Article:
The Sumerian ur-sag(ur-san) and Tamil. SaanRoon

Ursangkism in Sumerian and CaGkam literature (continued)

Let us recall that ursangkism is an understanding of a psychological universal, the presence of an inner instinctual pressure in a person that compels him towards not just an excellence but towering over other and rising as unique individual very much like the sun in the sky which has been used both an analogy and metaphor. We shall see now the presence of this in Tamil literature of the historical period as well as an interpretive understanding of the psychology of such individuals. These developments in Tamil literature also appear to be a continuation of trends of thinking already available in SumeroTamil literature.

First we shall see examples of this pressure showing itself in the poetry pertaining some mighty kings. Secondly we shall see a philosophical or interpretive understanding of this where along with sun the moon is also recognised as being present in the mind as well as in the world and which gave rise to the notions of Natam and Bindu, the Siva Tatvas that configure everything by being brought into a Play by BEING understood metaphorically as the DANCE of Siva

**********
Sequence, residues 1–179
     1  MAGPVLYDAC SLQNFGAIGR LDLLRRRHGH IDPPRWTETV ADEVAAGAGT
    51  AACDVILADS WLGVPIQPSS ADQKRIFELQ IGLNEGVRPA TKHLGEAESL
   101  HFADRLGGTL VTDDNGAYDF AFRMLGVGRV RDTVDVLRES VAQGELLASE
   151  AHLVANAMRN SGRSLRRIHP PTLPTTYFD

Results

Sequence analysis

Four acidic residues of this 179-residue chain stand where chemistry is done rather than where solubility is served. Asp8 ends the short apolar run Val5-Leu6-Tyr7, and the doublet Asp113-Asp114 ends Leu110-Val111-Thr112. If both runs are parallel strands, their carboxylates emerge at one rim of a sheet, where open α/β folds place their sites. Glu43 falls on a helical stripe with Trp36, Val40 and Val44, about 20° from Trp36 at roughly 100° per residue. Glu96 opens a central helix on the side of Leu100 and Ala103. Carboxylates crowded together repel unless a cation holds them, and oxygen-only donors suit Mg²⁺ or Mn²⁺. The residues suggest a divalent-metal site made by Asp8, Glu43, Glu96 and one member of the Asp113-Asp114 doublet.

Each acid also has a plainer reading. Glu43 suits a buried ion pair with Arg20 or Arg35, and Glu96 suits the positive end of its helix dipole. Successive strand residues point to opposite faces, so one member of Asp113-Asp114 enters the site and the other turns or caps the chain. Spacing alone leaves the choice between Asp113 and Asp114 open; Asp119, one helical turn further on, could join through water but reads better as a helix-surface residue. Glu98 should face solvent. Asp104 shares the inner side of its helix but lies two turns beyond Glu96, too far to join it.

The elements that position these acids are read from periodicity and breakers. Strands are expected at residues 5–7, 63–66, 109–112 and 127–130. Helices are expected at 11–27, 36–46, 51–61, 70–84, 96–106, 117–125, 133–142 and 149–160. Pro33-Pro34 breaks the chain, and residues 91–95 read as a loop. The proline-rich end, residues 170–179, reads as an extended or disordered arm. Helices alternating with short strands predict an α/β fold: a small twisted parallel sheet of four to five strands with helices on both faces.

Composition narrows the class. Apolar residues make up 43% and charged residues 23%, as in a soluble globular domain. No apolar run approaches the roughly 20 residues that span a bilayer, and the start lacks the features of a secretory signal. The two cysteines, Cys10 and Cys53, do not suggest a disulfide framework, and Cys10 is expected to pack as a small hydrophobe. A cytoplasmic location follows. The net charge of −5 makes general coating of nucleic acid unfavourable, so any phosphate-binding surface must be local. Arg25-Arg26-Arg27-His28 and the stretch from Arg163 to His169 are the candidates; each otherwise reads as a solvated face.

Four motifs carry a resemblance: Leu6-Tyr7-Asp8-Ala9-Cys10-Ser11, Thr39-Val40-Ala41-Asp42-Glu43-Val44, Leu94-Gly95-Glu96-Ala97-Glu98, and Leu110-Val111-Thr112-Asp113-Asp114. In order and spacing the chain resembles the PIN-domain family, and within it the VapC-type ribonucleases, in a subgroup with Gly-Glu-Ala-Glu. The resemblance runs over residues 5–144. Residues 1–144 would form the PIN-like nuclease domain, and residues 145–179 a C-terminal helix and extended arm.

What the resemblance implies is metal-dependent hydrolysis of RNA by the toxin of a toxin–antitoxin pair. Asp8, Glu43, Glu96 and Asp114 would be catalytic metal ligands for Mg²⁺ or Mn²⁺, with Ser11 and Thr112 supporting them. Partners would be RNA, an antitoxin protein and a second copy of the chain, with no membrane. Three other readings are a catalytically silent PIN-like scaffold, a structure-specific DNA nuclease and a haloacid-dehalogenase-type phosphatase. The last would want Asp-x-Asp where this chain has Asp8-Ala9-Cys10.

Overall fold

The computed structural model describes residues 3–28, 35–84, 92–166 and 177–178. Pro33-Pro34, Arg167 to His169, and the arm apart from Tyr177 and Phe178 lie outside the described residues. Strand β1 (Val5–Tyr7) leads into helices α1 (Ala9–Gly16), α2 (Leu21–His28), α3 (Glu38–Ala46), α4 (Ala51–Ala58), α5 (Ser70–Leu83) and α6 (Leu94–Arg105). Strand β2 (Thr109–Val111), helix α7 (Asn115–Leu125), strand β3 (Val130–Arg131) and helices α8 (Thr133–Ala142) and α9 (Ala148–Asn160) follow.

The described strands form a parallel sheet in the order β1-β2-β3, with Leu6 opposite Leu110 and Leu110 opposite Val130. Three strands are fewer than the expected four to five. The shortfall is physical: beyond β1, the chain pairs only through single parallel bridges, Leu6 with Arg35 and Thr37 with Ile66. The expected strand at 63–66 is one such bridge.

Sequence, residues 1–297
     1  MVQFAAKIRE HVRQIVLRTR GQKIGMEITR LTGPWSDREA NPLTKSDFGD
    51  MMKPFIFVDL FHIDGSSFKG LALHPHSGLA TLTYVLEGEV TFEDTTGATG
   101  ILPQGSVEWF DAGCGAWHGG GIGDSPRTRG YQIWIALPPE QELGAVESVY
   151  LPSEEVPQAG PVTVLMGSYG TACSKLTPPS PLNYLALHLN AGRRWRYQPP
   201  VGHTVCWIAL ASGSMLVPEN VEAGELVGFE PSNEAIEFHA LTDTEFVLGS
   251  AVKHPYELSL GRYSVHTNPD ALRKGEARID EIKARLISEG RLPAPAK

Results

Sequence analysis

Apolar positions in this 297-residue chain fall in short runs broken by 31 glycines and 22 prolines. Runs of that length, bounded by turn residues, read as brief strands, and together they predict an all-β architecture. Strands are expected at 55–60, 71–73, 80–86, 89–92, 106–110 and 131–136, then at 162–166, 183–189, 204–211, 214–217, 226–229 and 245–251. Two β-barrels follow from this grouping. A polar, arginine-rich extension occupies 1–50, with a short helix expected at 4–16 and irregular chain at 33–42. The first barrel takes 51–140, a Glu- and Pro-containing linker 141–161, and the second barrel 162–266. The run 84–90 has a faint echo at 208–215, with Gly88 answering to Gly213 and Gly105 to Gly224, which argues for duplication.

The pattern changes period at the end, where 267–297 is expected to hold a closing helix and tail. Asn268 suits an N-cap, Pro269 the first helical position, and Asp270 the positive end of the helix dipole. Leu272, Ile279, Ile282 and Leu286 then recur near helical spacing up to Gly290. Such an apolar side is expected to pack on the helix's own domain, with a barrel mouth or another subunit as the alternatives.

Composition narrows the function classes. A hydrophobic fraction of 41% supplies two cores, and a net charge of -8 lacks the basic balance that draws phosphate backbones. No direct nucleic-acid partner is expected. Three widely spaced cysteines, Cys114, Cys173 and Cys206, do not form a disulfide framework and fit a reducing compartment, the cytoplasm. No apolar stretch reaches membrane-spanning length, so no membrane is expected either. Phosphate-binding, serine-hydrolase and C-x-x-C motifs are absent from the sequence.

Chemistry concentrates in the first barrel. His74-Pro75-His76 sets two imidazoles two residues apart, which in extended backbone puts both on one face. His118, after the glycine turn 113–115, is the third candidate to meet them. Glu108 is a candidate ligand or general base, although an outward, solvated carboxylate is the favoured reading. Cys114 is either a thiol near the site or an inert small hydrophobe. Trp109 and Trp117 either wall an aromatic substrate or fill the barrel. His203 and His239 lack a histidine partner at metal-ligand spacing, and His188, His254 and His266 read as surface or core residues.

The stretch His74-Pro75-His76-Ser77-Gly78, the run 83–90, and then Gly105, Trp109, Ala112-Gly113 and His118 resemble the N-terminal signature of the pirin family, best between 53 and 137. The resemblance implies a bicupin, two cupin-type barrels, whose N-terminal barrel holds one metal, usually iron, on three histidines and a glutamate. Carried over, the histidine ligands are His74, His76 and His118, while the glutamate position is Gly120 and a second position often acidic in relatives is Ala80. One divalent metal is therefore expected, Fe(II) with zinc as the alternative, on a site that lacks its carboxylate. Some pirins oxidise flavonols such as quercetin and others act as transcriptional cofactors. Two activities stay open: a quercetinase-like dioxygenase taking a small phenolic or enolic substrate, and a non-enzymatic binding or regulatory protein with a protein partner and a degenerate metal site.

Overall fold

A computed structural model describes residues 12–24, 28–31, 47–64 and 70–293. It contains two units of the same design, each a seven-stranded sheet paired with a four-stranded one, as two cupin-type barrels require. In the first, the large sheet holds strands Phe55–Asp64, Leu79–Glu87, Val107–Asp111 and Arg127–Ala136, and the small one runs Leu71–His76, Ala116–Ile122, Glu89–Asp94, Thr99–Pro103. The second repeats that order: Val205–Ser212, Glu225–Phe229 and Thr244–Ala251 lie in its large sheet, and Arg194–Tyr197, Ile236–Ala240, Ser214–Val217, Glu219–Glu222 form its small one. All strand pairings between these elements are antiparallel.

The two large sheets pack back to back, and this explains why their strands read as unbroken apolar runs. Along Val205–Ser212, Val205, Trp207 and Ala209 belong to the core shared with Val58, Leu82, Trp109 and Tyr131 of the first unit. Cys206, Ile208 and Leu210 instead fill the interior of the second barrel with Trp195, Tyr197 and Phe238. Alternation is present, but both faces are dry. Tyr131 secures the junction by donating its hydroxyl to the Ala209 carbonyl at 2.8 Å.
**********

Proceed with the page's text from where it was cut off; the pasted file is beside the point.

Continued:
The Ursangkism of Sulgi

Sulgi, the most famous King of the Third Ur dynasty (c. 2000 B.C) and after whom the Sumerian political control over Ur was lost to the Semitic people has composed about 20 hymns in praise of himself of which MutarIbiyam (Hymn B) is the foremost. In this there is a refrain that occurs as follows and which is worth repeating:

52. nig-ag-a-ga ni-bi ga-il ( I want to extol the awe of all my accomplishments)

53. kala-ga-ga mu-bi a bi-su-ud ( To let go far the fame of my power)